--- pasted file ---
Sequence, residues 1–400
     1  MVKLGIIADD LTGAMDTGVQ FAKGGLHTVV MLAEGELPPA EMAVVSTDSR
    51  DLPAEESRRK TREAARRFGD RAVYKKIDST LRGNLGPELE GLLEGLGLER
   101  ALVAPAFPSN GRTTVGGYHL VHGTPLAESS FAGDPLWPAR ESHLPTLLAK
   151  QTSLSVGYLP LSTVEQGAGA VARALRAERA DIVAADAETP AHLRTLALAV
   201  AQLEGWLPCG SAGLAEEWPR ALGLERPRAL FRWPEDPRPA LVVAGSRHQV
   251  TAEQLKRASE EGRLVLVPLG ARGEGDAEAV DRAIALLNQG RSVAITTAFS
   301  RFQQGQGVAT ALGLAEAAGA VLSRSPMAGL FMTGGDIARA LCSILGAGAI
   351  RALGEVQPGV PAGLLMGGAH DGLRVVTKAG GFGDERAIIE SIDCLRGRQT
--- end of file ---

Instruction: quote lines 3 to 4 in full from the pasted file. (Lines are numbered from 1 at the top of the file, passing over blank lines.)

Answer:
    51  DLPAEESRRK TREAARRFGD RAVYKKIDST LRGNLGPELE GLLEGLGLER
   101  ALVAPAFPSN GRTTVGGYHL VHGTPLAESS FAGDPLWPAR ESHLPTLLAK